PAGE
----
Stadtholder

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The following article is from The Great Soviet Encyclopedia (1979). It might be outdated or ideologically biased.

Stadtholder

 

(also stadhouder), the viceroy in the Netherlands of Burgundian and later of Hapsburg sovereigns during the 15th and 16th centuries. After the 16th-century bourgeois revolution in the Netherlands, the stadtholder was the chief executive power in the United Provinces of the Netherlands until the end of the 18th century.


Stadtholder

 

in a number of European countries, an official who exercised state authority over a certain territory. Stadtholders existed in the Netherlands during the rule of the Burgundian and Hapsburg dynasties, in the crown lands of the Austrian Empire, and in Austria-Hungary until 1918. In the German Empire from 1871 to 1918, the term stadtholder was applied to the governor of Alsace-Lorraine. The office of Reichsstatthalter existed in fascist Germany from 1933 to 1945.

The Great Soviet Encyclopedia, 3rd Edition (1970-1979). © 2010 The Gale Group, Inc. All rights reserved.
References in classic literature ?
He lodged an information against Cornelius de Witt, setting forth that the warden -- who, as he had shown by the letters added to his signature, was fuming at the repeal of the Perpetual Edict -- had, from hatred against William of Orange, hired an assassin to deliver the new Republic of its new Stadtholder; and he, Tyckelaer was the person thus chosen; but that, horrified at the bare idea of the act which he was asked to perpetrate, he had preferred rather to reveal the crime than to commit it.
In the meanwhile William of Orange urged on the course of events by every means in his power, eagerly waiting for the time when the people, by whom he was idolised, should have made of the bodies of the brothers the two steps over which he might ascend to the chair of Stadtholder.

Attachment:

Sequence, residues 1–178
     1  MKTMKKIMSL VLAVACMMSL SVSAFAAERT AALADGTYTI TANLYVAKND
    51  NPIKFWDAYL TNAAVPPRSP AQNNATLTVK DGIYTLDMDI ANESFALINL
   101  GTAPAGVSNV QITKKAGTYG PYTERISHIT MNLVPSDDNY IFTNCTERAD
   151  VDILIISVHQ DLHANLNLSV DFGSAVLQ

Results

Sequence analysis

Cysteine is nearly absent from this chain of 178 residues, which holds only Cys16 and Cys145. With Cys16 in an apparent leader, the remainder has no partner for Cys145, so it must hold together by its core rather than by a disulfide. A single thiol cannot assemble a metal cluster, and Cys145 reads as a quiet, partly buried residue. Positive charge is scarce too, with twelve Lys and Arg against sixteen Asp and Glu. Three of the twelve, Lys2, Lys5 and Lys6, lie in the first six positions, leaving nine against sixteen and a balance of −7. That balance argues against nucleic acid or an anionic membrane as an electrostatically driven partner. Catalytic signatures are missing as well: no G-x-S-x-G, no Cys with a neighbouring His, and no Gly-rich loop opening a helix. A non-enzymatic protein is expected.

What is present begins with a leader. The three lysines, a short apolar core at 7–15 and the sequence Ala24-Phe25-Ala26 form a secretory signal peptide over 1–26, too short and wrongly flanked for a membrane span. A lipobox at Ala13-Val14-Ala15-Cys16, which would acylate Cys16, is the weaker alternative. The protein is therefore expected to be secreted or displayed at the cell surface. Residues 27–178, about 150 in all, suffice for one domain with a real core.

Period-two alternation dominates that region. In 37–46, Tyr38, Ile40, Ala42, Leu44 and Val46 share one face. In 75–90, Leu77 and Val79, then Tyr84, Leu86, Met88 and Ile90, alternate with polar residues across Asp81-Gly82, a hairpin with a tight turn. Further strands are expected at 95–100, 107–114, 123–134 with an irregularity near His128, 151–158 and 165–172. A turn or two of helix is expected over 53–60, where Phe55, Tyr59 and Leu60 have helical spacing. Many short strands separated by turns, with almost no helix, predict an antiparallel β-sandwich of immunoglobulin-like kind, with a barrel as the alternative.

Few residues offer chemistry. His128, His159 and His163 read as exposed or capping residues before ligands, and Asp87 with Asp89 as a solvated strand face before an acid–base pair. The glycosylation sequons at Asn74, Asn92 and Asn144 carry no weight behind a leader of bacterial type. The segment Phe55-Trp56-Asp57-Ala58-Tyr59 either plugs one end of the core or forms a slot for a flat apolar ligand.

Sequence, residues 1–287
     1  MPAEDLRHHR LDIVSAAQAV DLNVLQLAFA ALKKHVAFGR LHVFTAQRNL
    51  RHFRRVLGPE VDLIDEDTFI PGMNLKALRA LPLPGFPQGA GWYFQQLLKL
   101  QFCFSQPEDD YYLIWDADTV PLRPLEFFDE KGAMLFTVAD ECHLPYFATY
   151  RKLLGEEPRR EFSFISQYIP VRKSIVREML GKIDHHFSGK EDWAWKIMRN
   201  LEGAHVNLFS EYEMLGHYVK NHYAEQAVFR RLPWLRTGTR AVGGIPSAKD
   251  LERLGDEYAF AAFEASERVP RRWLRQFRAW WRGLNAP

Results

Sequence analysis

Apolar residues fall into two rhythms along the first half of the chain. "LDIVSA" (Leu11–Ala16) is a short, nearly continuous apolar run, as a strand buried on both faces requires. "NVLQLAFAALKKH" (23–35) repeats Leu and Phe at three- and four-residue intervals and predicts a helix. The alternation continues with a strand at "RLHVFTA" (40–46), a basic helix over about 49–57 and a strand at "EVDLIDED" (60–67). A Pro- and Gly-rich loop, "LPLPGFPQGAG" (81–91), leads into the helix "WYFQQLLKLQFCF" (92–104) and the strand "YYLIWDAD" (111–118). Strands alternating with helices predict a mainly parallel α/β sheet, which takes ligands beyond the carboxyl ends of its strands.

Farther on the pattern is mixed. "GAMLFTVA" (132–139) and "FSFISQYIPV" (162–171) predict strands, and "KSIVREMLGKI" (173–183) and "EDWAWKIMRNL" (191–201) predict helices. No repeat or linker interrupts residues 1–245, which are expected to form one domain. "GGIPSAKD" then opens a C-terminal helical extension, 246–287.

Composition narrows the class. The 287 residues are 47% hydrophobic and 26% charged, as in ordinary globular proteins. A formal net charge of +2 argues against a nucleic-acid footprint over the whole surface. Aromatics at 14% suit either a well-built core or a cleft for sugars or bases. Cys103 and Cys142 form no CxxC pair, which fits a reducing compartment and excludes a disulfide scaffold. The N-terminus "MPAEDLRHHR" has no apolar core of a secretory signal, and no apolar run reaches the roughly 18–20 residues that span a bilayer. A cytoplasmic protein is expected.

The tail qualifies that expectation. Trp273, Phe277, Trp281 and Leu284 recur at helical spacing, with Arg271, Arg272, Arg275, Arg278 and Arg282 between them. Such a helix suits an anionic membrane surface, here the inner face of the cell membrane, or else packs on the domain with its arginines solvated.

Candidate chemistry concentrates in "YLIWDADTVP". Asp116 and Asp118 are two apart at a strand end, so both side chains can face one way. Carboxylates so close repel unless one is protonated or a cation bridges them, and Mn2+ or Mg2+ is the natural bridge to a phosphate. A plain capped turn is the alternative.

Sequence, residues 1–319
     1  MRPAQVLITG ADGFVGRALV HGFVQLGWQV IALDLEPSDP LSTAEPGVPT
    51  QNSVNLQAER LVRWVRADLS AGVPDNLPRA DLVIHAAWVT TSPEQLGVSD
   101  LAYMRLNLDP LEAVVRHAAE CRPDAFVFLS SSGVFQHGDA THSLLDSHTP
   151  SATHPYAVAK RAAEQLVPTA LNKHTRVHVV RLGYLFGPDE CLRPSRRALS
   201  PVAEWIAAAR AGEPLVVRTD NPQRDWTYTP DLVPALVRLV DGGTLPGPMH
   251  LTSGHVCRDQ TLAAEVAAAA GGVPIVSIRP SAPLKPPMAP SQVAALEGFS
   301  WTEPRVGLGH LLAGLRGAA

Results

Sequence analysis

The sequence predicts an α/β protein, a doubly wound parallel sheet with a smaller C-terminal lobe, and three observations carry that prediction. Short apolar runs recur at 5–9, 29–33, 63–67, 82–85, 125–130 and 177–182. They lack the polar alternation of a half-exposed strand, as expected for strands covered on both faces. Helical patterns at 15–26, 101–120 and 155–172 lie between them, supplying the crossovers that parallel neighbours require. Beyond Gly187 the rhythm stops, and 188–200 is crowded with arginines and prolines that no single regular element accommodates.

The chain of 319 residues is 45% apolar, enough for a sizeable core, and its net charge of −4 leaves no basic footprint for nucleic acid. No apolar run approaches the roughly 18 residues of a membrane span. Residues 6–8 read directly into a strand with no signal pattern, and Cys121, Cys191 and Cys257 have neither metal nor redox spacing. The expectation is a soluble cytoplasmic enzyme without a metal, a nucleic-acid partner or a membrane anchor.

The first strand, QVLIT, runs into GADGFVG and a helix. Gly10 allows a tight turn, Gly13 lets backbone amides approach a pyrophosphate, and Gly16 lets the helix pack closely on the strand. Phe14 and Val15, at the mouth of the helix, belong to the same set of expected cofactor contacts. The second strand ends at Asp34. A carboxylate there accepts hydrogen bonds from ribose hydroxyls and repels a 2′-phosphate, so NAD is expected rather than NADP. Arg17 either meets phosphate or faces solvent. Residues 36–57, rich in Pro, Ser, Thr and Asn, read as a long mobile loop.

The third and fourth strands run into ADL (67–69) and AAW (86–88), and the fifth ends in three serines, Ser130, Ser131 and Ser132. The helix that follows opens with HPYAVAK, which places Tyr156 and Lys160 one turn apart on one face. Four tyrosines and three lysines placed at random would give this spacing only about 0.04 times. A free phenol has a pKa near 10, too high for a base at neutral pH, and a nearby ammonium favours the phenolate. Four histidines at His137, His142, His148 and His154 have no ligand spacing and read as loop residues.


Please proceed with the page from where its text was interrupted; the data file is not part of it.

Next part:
"Moreover," hinted the Orange agitators interspersed through the crowd, whom they hoped to manage like a sharp-edged and at the same time crushing instrument, -- "moreover, will there not, from the Buytenhof to the gate of the town, a nice little opportunity present itself to throw some handfuls of dirt, or a few stones, at this Cornelius de Witt, who not only conferred the dignity of Stadtholder on the Prince of Orange merely vi coactus, but who also intended to have him assassinated?"
This spring is the stadtholder." It is remarked by Sir William Temple, "that in the intermissions of the stadtholdership, Holland, by her riches and her authority, which drew the others into a sort of dependence, supplied the place."
The kings and queens of the Netherlands, for instance, mostly reuse armchairs already in their collection, merely having them recovered for the occasion; their simplicity and human scale (except perhaps for the throne used by King William III in 1849 and his daughter Queen Wilhelmina in 1898) distinctively contrast with the masterpieces of Dutch craftsmanship that were the highly elaborate chairs of the 17th--and 18th-century stadtholders, some excellent examples of which are newly displayed at the Rijksmuseum.
The belligerent policy of the stadtholders of the House of Orange was in no small measure responsible for this course of action.
Yet for all of their talk about the tactics of the Dutch stadtholders Maurice of Orange-Nassau (1567-1625) and Willem Lodewijk of Nassau (1560-1620), gunpowder, artillery, ships armed with guns, and forts designed to endure bombardment, the Military Revolution scholars have said very little about gunpowder production or saltpeter, the basic necessary ingredient of gunpowder.